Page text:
Wireless Network Card

It seems like magic. As soon as you install a wireless network card in your desktop or laptop computer, suddenly, in certain hot spots, your computer is able to grasp internet access out of thin air. With a wireless network card, it is easier than ever to feel like you are connected to the rest of the world no matter where you are.

But how do wireless network cards work? And aside from that freeing feeling of instant connectivity, why buy one? Luckily for those asking the latter question, wireless network cards come standard aboard most desktop and laptop computers these days. If you are in the market for a new computer, and feel like a little lacking in the technology know-how department when it comes to manually upgrading, then simply buying new computer is a viable option. Otherwise, if you choose to price and purchase a wireless network card, you will then have to pay for installation as well (or try it yourself, with some risk!) On the other hand, if you are ready to crack open that PC case and get started installing, there are a few things you should know about wireless network cards before you begin.

A Peripheral Component Interconnect (more commonly known as a PCI), is the industry standard device for connecting devices (like the wireless network card), to a computer’s central processor. Basically, the PCI allows all devices to communicate by establishing a common connection, known as a bus. The bus is located inside the computer, and in order to get started connecting wirelessly, you must install the wireless network card to the bus.

If this sounds difficult and you are a laptop owner looking for alternatives, there is help. While out and about at your local coffee shop, you may have noticed some laptops with thick devices protruding from their sides. Those are PC card wireless network adapters and they function to allow a laptop to connect to the internet. That’s why you often see wireless network cards at coffee shops and other places that offer wireless internet – people are using them to harness the internet to work, shop or browse. Held in your hand, these PC card wireless network adapters are essentially the height and width of a credit card. They can generally be found at most electronics or even department stores in prices ranging from approximately $30 to approximately $60.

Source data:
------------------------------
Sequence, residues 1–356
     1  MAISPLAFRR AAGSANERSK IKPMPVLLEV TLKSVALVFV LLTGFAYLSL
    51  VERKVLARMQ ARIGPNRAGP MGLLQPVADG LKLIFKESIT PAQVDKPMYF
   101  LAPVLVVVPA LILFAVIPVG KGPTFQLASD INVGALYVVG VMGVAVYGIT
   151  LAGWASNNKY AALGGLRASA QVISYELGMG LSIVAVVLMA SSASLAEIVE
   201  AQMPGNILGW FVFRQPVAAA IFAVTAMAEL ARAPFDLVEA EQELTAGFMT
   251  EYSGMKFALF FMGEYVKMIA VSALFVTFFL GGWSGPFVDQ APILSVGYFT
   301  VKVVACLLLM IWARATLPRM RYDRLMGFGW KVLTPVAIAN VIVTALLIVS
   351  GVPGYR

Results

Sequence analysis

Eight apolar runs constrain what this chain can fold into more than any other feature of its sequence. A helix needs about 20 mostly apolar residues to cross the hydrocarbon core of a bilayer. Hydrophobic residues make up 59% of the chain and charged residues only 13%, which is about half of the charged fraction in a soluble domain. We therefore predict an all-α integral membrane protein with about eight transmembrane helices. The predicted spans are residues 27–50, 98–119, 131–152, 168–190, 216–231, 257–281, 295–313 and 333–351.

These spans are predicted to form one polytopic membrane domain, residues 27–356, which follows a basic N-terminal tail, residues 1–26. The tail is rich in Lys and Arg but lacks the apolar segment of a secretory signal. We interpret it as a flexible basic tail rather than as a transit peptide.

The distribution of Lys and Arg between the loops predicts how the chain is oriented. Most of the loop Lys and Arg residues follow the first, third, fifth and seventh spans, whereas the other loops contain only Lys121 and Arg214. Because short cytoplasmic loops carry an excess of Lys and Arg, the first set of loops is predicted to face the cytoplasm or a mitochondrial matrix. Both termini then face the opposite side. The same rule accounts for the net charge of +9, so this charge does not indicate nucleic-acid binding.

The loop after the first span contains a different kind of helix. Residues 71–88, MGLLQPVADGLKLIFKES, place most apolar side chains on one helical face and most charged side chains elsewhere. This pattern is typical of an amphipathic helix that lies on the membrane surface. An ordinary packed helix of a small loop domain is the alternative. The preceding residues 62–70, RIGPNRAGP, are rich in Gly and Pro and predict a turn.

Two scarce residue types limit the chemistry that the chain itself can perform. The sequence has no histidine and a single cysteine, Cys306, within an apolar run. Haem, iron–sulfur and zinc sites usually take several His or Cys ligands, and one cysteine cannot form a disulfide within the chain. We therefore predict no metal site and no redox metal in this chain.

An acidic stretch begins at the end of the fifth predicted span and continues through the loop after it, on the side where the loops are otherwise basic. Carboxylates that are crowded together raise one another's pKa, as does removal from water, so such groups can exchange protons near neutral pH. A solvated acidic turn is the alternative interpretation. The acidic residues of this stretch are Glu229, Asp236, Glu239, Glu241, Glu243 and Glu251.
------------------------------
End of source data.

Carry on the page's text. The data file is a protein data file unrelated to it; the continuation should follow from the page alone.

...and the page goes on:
It’s important to note that you cannot expect to take your laptop with its wireless network card out and expect to get connected to the internet from anywhere. Wireless network cards will specify a range when you buy them. Some wireless network cards can allow you to connect to the internet at arrange of 700 feet or more, but experts warn that the range specified on the packaging is the range you will be able to get only in optimal conditions. The presence of obstructions, such as refrigerators, fuse boxes, metal plumbing, and air conditioning units can hamper wireless network range extensively. For best access to the internet from home, place your router or other internet source in a central location in your home, away from major electronic appliances. If you fear connection issues due to limited range, keep in mind that some cards come with an extendable antenna. Well-positioned, the antenna can help extend the wireless network card’s range immensely.

Wireless internet cards are also a great option when it comes to home or office networking. While many experts still prefer wired networks due to what they perceive as wireless internet’s spotty service and penchant for outages, with the advent of new wireless technology, all that will soon become a thing of the past.

This Wireless Network Card Review is Written/Updated on Aug 3rd, 2009 and filed under Computer Hardware. Both comments and pings are currently closed.

Comments are closed